Wed Nov 4, 2015 7:28PM
The Obama administration’s so-called pivot strategy that involves shifting US naval assets to the Asia-Pacific region was “a declaration of soft war against China,” Eric Draitser told Press TV on Wednesday.
The Obama administration’s so-called pivot strategy that involves shifting US naval assets to the Asia-Pacific region was “a declaration of soft war against China,” Eric Draitser told Press TV on Wednesday.

The plan by US Defense Secretary Ashton Carter to cruise on an American warship in the South China Sea is a provocative move by Washington to foment conflicts between China and its neighbors, an American geopolitical analyst says. 

The US naval operation is intended to keeping the Asia-Pacific region divided and preventing Beijing from exercising its authority in the South China Sea, said Eric Draitser, the founder of Stopimperialism.com.  

The Obama administration’s so-called pivot strategy that involves shifting US naval assets to the Asia-Pacific region was “a declaration of soft war against China,” Draitser told Press TV on Wednesday.

“If the United States were sensible, it would simply stop sticking its nose in China’s business, in China’s backyard, but of course the United States being the imperial power that it is, cannot do that, will not do that,” he added.

A US military official said Wednesday that Carter and Malaysian Defense Minister, Hishammuddin Hussein, will cruise on the aircraft carrier USS Theodore Roosevelt on Thursday amid growing tensions over the disputed sea.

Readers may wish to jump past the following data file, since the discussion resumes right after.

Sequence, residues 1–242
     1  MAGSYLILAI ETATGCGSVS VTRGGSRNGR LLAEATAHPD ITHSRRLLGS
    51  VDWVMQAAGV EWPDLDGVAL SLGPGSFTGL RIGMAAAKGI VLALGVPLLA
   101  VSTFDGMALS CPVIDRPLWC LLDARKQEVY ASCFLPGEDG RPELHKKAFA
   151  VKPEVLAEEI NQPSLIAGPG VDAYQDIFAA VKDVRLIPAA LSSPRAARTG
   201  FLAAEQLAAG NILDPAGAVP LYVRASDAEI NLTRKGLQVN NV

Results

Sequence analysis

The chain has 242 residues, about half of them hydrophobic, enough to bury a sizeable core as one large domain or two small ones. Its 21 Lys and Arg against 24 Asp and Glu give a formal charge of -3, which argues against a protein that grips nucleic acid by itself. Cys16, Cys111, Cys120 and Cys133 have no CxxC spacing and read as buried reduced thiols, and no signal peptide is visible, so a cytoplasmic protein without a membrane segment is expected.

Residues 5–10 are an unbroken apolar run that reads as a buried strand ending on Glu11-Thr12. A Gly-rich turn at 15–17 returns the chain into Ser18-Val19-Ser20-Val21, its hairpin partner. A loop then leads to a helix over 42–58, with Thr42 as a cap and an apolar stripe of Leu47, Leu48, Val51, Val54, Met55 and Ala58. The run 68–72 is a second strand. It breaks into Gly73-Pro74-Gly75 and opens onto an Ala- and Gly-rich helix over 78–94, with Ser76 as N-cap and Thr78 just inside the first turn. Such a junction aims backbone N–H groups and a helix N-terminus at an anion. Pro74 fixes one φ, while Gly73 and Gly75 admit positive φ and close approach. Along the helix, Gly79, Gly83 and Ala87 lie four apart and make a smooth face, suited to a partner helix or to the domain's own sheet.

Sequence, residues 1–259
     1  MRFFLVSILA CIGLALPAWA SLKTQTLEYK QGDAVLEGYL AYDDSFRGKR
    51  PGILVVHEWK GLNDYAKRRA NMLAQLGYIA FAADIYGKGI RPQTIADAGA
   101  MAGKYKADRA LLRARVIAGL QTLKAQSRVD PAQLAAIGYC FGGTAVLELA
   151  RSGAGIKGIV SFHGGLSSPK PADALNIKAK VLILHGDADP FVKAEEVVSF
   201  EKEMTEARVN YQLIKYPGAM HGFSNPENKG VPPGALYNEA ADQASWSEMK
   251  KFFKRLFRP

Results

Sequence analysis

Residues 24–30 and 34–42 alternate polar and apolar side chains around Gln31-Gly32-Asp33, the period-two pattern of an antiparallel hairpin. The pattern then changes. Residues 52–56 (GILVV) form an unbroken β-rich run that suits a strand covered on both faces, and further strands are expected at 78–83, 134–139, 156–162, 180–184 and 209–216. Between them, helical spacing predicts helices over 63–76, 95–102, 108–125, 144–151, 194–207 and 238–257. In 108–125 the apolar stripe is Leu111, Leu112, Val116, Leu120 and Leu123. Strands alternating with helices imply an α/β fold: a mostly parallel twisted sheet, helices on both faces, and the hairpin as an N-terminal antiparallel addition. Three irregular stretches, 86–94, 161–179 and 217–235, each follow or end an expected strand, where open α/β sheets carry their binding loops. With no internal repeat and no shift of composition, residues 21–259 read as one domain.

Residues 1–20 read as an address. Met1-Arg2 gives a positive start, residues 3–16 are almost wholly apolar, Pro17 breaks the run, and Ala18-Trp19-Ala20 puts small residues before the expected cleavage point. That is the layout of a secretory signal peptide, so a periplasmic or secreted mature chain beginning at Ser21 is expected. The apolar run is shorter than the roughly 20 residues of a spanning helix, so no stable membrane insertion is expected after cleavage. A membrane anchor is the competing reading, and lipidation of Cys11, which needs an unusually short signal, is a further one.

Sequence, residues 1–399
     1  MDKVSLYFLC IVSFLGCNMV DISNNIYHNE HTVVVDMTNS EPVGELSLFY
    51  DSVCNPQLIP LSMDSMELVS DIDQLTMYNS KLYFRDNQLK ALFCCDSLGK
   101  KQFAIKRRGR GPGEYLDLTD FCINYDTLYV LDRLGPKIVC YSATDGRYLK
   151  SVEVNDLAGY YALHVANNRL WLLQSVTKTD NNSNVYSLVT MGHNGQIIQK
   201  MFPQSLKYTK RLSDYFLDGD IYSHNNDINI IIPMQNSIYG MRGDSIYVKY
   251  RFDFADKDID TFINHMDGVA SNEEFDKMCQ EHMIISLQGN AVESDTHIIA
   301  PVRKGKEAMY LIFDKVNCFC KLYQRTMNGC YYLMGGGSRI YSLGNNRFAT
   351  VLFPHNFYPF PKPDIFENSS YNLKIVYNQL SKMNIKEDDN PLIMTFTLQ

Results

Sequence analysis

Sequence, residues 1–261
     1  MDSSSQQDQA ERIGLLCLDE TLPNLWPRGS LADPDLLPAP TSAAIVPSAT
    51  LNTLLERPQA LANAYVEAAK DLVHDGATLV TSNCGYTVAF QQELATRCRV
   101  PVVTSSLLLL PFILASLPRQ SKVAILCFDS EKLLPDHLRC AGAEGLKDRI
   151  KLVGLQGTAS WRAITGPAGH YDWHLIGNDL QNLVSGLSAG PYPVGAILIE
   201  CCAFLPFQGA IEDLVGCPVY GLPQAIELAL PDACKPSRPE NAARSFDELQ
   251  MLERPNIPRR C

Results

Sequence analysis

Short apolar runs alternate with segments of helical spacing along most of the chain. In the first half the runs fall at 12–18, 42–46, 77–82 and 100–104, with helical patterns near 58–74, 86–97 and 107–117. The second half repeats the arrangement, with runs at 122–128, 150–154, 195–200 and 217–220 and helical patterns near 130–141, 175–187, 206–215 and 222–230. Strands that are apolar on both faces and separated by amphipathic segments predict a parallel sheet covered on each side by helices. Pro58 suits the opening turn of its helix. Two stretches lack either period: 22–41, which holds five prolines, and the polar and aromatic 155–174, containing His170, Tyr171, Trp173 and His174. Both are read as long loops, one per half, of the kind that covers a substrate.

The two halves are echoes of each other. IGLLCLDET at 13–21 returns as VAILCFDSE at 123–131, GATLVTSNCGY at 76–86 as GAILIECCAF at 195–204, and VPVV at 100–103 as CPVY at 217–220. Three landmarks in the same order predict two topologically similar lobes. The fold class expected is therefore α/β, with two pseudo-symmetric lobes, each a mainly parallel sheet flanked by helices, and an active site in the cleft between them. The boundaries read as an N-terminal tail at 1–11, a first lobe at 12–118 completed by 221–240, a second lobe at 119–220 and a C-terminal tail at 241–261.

The two military chiefs have been attending a meeting of defense ministers from the 10-country Association of Southeast Asian Nations (ASEAN) and regional partners including the United States, China and Russia.

There was no information about where the US aircraft carrier would sail but it has been on patrol in the South China Sea where territorial disputes between China and several of its neighbors have raised fears of conflict.

On Tuesday, Carter told his Chinese counterpart Chang Wanquan in Kuala Lumpur that the US military would continue to operate in the South China Sea.

China insists it has sovereignty over nearly all of the South China Sea. The Philippines, Vietnam, Malaysia, Brunei and Taiwan also have overlapping claims.

The US does not recognize China’s sovereignty in the disputed waters and has sent surveillance aircraft and warships to monitor Chinese activities.

Beijing accuses Washington of meddling in the regional disputes and deliberately stirring up tensions in the region.